I had the same problem with my old weedeater. My next one will be electric for sure. I had a battery operated one in the past, but it was before its time and didn't really even work. Maybe they make decent ones now.
Good points, Beth. This all leads me to believe I made the right decision with an electric weed eater. While the cord has to be dragged around, it is overall lighter than the gas-powered version. And, I don't have to worry about Ethanol.
This reminds me of my British sports cars from the1960s. They used natural rubber, becuase the British with their empire were able to get it easily. American cars typically used synthetic rubber parts. These tended to last longer, and changes in the formulation of gasoline tended to impact unfavourably on the endurance of the British parts. Of course, being foreign, they were more expensive. We would replace them with American made rubber whenever we could find a match.
Would use of ethanol in this machine have been an after-the-fact development post its original design or should it have been designed that way from the get go? I'm asking because I'm assuming not much changes on a WeedEater machine, albeit a few bells and whistles here and there. That said, there such be some sort of regular revisting of requirements to keep up with new fuel standards. The other big question is likely where you bought the WeedEater. Perhaps some stores still have old inventory on their shelves that aren't retrofit to meet new requirements.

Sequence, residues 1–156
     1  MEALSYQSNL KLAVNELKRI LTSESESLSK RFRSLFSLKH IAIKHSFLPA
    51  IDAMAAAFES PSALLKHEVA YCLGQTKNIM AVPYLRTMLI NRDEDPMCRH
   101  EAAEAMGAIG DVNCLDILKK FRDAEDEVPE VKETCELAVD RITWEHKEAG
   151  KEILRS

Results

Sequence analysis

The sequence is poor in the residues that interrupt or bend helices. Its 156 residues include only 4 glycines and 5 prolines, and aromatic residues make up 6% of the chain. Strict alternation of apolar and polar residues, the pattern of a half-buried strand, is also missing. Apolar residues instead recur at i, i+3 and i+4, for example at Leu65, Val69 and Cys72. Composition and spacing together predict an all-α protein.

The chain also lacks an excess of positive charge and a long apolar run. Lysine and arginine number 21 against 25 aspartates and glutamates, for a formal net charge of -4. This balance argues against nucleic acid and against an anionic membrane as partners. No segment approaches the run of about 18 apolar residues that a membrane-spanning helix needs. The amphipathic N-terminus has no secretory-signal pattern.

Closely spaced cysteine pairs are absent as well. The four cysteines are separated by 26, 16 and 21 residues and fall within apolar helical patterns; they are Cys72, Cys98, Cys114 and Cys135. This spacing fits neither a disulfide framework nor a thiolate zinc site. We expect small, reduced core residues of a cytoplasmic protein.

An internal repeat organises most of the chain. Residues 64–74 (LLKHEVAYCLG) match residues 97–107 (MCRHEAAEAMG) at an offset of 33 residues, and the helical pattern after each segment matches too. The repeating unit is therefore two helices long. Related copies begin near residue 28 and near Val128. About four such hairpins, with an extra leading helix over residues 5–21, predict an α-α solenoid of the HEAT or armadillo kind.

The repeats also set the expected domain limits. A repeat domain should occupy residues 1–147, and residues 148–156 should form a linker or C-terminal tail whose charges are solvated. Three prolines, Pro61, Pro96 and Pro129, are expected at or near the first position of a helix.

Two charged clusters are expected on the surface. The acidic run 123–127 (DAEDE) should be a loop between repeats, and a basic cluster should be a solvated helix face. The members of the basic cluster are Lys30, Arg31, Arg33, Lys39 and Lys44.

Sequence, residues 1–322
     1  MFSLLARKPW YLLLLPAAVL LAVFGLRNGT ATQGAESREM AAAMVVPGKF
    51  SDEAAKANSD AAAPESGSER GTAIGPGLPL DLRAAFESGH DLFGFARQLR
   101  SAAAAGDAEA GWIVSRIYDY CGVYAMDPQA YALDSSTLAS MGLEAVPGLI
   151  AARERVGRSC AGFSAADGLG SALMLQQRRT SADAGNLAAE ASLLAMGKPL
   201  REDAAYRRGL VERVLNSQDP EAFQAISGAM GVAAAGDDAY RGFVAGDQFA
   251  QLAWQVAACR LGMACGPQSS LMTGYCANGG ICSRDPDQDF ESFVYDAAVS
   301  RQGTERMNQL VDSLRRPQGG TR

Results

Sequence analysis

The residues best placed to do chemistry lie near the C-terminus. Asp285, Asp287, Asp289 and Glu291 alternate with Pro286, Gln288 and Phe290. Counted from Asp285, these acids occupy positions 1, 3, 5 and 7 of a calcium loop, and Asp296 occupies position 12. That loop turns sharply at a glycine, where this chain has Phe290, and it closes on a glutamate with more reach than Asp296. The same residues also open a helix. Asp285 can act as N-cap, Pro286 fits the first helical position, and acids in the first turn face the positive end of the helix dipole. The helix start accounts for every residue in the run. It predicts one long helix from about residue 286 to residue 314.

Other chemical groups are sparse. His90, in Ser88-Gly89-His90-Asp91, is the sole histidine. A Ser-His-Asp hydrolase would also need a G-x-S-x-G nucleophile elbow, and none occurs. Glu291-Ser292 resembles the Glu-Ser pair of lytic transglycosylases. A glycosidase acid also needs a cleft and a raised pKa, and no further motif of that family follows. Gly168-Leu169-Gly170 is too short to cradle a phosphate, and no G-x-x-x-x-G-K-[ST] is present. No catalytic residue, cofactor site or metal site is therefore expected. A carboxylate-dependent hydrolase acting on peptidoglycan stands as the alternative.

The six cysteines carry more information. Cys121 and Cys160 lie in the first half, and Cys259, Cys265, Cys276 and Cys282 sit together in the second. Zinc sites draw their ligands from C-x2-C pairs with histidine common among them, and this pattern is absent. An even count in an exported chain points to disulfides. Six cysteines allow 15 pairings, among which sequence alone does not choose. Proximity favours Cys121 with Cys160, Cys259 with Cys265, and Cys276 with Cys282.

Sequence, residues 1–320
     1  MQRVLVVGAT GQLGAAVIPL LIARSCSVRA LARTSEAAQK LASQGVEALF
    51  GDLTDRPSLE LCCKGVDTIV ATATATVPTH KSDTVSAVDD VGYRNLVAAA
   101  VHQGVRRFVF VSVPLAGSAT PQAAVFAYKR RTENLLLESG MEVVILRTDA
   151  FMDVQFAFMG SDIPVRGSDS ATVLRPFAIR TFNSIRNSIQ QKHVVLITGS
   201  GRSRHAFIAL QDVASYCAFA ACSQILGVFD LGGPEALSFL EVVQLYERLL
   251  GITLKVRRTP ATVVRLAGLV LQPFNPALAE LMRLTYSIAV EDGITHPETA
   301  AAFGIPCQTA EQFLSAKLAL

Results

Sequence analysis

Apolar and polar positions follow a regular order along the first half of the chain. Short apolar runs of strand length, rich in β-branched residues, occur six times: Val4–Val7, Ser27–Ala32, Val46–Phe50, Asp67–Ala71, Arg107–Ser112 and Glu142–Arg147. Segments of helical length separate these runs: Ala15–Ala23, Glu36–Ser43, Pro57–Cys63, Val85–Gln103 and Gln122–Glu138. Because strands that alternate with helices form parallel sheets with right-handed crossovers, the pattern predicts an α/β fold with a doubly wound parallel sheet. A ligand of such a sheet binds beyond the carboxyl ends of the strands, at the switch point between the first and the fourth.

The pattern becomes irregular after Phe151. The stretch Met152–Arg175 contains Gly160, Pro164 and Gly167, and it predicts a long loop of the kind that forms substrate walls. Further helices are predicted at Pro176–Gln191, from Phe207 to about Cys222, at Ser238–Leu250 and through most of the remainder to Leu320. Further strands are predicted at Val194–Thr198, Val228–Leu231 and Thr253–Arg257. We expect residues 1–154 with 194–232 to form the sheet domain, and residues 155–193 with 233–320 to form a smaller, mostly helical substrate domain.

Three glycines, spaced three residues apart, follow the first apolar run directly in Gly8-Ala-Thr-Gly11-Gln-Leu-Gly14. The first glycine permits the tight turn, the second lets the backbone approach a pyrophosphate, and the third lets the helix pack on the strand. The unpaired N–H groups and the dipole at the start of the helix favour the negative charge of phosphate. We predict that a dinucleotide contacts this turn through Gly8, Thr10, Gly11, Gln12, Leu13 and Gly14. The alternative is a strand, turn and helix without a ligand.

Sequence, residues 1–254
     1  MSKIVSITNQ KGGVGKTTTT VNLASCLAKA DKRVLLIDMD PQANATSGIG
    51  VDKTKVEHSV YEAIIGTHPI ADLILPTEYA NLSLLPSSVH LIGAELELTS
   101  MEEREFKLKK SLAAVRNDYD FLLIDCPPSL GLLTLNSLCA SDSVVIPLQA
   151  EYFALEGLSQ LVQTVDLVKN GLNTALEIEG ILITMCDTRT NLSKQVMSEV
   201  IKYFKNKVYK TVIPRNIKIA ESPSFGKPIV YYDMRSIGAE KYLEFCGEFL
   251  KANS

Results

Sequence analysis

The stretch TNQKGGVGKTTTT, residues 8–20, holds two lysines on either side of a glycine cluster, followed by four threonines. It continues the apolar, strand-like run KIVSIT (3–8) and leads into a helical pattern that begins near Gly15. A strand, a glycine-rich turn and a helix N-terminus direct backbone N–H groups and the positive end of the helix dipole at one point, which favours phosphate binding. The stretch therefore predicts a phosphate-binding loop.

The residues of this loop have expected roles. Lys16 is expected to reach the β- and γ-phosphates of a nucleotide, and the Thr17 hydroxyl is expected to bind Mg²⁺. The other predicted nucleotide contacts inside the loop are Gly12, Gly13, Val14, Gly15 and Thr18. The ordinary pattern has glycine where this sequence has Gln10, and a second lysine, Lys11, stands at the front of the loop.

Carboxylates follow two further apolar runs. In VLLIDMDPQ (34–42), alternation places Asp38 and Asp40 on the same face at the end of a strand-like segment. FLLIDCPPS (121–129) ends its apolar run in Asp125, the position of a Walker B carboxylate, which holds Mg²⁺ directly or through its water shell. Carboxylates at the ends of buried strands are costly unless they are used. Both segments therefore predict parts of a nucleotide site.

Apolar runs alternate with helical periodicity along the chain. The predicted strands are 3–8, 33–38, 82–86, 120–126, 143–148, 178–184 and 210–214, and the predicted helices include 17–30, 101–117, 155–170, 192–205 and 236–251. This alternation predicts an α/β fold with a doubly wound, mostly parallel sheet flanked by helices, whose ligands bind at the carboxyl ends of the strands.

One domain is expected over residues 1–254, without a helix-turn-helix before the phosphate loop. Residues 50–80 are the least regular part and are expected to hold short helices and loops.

The company says it anticipates high-definition video for home security and other uses will be the next mature technology integrated into the IoT domain, hence the introduction of its MatrixCam devkit.
Siemens and Georgia Institute of Technology are partnering to address limitations in the current additive manufacturing design-to-production chain in an applied research project as part of the federally backed America Makes program.
Most of the new 3D printers and 3D printing technologies in this crop are breaking some boundaries, whether it's build volume-per-dollar ratios, multimaterials printing techniques, or new materials types.
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